3. An apparatus for making an absorbent sheet according to claim 1, comprising a plurality of nozzles (312) for applying a dispersion liquid slurry containing absorbent polymer particles in a band pattern on one surface of a liquid pervious supporting sheet (203) running continuously, and means having a mechanism for pulsating the flow of said dispersion liquid in the form of slurry for feeding said dispersion liquid to said nozzles (312)."

Claims 2 and 4 corresponded to dependent claims directed to elaborations of the absorbent sheet and of the apparatus according to claims 1 and 3, respectively.

VIII. On 14 October 2009 the board issued a second communication and gave its provisional opinion that the valid main request did not fulfil the requirements of Art. 123 (2) EPC. The clarity of the claims was objected to in relation to the terms "layer", "absorbent polymer", "hydratable" and "microfibrils" and because some essential technical features of the invention were not reflected by the independent claim 1. Furthermore, the subject matter of the independent claims 1 and 3 was considered as not unitary. Finally, novelty of claim 1 over example 9 of D8 was questioned.

In addition to these objections, the appellant was further requested to provide a translation of P1, which was necessary in order to examine the validity of the priority claimed and to determine whether D8a was a valid prior art under either Art. 54 (2) EPC or Art. 54 (3) EPC and Art. 54 (4) EPC 1973.

IX. With its reply of 11 December 2009 the appellant filed a new main request (claims 1-4) and the English translation of P1.

The appellant argued that the main request fulfilled the requirements of Art. 123 (2) EPC, Art. 84 EPC, Art. 82 EPC and Art. 54 EPC. Experimental evidence (sheets E1 to E3 containing micrographs of various superabsorbers SAP made by Sanyo Chemical Industries, Ltd.) was simultaneously filed in order to demonstrate that the subject matter claimed was novel over D8. Finally, the appellant maintained that P1 could be acknowledged as priority for claims 1-4.

X. During a telephone consultation on 14 April 2010, the appellant was informed that claim 1 of the main request was not clear because the hydrating properties were not completely defined and because the claims were not limited to HFFM microfibrils according to the application as filed.

XI. With letter of 16 April 2010, the appellant filed a new main request (claims 1-4) comprising the following independent claims:

"1. An absorbent sheet comprising a liquid pervious supporting sheet (203) and an absorbent mainly consisting of an absorbent composite containing SAP particles, wherein (i) said absorbent forms a plurality of highly absorbing areas which have higher absorbing capacity than the remaining areas, (ii) the absorbent in said highly absorbing areas is thicker than the remaining areas, (iii) said absorbent is distributed in a predetermined pattern on said liquid pervious supporting sheet, (iv) said supporting sheet is a porous non-woven fabric having an apparent density of 0.2 g/cm3 or lower and (v) said absorbent is bonded on at least one surface of said supporting sheet, characterised in that (vi) at least part of the surface of each of said SAP particles is covered with hydratable fibers in the form of microfibril HFFM exhibiting an hydrating property of 10 ml/g or higher when centrifuged at 2000 G for 10 minutes, wherein said hydrating property is calculated according to the formula: water retained = ml of precipitated volume/ g of Microfibrils; (vii) said SAP particles are bonded one with each other and to the supporting sheet (203) by said microfibril HFFM and (viii) said SAP particles are taken in a network of microfibrils HFFMs.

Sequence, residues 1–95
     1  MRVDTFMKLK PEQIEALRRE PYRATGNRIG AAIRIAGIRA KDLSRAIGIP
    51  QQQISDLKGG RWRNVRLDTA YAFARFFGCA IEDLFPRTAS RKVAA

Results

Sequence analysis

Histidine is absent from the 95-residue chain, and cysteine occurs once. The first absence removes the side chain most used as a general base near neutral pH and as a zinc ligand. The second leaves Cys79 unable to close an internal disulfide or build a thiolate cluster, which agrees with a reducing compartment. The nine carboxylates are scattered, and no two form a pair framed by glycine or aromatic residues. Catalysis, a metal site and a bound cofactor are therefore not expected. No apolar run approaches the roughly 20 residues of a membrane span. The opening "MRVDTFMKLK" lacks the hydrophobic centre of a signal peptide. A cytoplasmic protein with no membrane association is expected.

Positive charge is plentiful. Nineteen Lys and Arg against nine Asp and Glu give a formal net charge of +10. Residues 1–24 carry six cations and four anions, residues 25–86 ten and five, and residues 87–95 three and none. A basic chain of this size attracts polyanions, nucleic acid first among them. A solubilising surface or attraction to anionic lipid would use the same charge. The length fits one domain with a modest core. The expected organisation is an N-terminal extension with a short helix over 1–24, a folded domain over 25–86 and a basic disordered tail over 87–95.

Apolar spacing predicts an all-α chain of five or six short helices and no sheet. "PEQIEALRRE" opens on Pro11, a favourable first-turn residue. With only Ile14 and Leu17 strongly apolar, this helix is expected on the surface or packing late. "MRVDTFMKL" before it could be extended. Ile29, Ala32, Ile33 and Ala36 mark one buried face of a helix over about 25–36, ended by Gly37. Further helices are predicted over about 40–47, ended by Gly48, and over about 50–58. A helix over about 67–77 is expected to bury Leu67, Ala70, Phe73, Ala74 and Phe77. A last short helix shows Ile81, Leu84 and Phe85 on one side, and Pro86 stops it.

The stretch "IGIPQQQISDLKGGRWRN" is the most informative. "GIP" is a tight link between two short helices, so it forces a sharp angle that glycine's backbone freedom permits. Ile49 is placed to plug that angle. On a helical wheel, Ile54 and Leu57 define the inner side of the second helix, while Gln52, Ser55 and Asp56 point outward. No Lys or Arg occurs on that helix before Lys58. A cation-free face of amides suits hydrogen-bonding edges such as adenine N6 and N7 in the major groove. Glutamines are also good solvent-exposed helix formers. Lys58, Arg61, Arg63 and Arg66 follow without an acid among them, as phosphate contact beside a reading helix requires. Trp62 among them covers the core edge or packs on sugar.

3. An apparatus for making an absorbent sheet according to claim 1, comprising a plurality of nozzles (312) for applying a dispersion liquid slurry containing SAP particles in a band pattern on one surface of a liquid pervious supporting sheet (203) running continuously, and means having a mechanism for pulsating the flow of said dispersion liquid in the form of slurry for feeding said dispersion liquid to said nozzles (312)."

Claims 2 and 4 corresponded to dependent claims directed to elaborations of the absorbent sheet and of the apparatus according to claims 1 and 3, respectively.

XII. The appellant requested that the contested decision be set aside and that a patent be granted on the basis of claims 1-4 as filed by letter dated 16 April 2010 as sole request.

Reasons for the Decision

1. The appeal is admissible.

2. Amendments: Art. 123 (2) EPC

2.1 Claim 1 is based on the combination of original claims 10, 12 and 23 of the application as originally filed with the following further amendments:

(a) the term "layer" (of the wording "absorbent layer mainly consisting of" according to original claim 10) is deleted in the part of the claim preceding point (i) as well as in each of the points (i), (ii), (iii) and (v);

(b) the term "SAP" is used instead of "absorbent polymer" in the part of the claim preceding point (i);

(c) the term "predetermined" is used instead of "desired" in point (iii);

(d) points (vi), (vii), and (viii) have been added as further requirements.

The board agrees to the combination of claims 10, 12 and 23 since, in the application as filed, claim 23 was dependent on "any of claims 8-21", which encompasses claim 12, and claim 12 was itself further dependent on "claim 10 or 11". The combination of these three claims does not extend beyond the content of the application as filed and is, thus, allowable.

Regarding amendment a):